Rewarding Positive Behavior May Give You Negative Results

So the world has evolved to one of golden stars and treasure chests. The idea is pretty simple… The child does well and performs the tasks that they are asked to perform, and they are then rewarded. The sad truth is, life isn’t like that! No one gives us prizes or gold stars for paying our rent or making sure our children are fed. The fact is, there are some basic things that are expected of us as a baseline for what is acceptable, and the same is true for children.

I have never believed in the theory of constantly rewarding positive behavior for my own kids, but I really felt this concept was terribly flawed when I picked up my nephew at school one day. He told me with a scowl how he got a “green” at school that day, which is the best behavior code he can get. I asked why he wasn’t happy about it, and he replied that it was because he behaved well and no one had given him a reward. I should mention he struggles to consistently get “greens” so for us it is a big deal and we cheer him on. He went on to explain to me that he doesn’t want to get greens unless he gets a prize or a reward. And that is where I began to understand that as the adults in his life we had failed him.

I explained to my girls at an early age that my job as a mom was to make sure that they were loved, clothed, fed and taken care off. I showed them how the lights and the water turned on and explained that was paid for, it wasn’t free.  I actually showed them the paper bills for the utilities. I point out the sacrifices we make to go out to dinner, on vacation, or throw a birthday party. I tell them those sacrifices are my job as a parent. Their job is to go to school, be responsible for their schoolwork, be respectful of authority figures and peers and try their hardest to get good grades. None of that is my job, it is what is expected of THEM. They have never been rewarded directly for that behavior. They have been rewarded by receiving multiple awards and accolades; by streams of complements from teachers, family and other parents; and by beautiful letters and notes from their friends.

I have never had to remind my children to do a project, or study for a test, or turn in an assignment. I don’t even open their notebooks. They check their grades throughout the year to see how they are performing and where they should put forth more effort. This has been going on their entire academic career. And it isn’t just one of my kids, it is ALL THREE that do this. That is why when people complement me for their work; I say and I mean that it is all them! I don’t do their projects either. They have learned to take responsibility and be proud of THEIR work.  They know if they don’t do it, it won’t get done and no one will force them to, but they want to succeed.  They enjoy doing well.

img_20170602_083717_415.jpg

This week my oldest Elise graduated 8th grade.  She has always achieved good grades but she had her mind set on graduating with straight A’s.  She made it clear that that was her her goal.  She had managed to get straight A’s all year before but she admitted that she hadn’t been trying as hard and had a B or two scattered throughout her report card in the last couple of years.  She managed to not only do it but also graduate as a member of the National Jr. Honor Society and achieving consecutive 5s on her state standardized testing.

Elise also decided she wanted to be in the top 10 percent of her incoming class for high school and achieved it.  Many kids took classes for the schools entrance exam but I told her if she was to be in the top 10 percent she would have to work for it and she would have to genuinely deserve it.  Not have it be as a result of a tutor who gave her ways to beat the test.  If she could do it, she could do it on her merit so I bought her a book at Barnes and Nobel and she did.  She was over the moon that she is in the top of her class but she repeated to me that it meant even more to her because she did not get tutored like most of the others in her class.  (I would like to mention that I am not against tutoring, I just felt she could get into the school without it and I did not want to tutor her and  force her into a program for the top of her class.  The program requires a cirriculium that I worried she could not keep up if she had been tutored.)  Her reward was her achievement.  I can’t explain how happy she was to set her goal and to reach it.  She, and her sisters, have never once asked me for anything as a result of good grades or an achievement.   They are motivated to excel.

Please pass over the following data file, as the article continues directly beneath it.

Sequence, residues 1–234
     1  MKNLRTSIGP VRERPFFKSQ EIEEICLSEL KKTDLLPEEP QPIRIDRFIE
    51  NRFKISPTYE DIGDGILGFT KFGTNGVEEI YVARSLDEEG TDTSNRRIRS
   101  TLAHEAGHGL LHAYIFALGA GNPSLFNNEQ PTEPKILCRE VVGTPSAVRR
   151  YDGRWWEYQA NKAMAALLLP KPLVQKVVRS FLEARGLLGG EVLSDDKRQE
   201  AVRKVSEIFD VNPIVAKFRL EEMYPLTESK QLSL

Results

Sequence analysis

I do let them for example pick where we will eat dinner one night for getting straight A’s but they don’t receive money or gifts. And yes, I punish negative behavior, as does the world. You steal and you go to jail. You lie and eventually you will get caught and lose friends. That is life. And life is what I am preparing my children for. The grades are not as important as teaching my children how to succeed at life.  I see some children today learning to determine when it is “worth it” to be “bad” or to be “good”. If the prize or the bribe is good enough they will decide if it merits the requested behavior but if not, they choose to act on impulse and do what pleases them.  They have learned what the negative consequences may be and they have learned to negotiate and navigate those consequences. What is going to happen when the consequences become more serious? When the parents can’t control the negative consequences of life? Believe that your kids are good enough and smart enough to understand what is expected of them and be brave enough to expect more of your children. They will live up to the standards and expectations you set for them.


Leave a Reply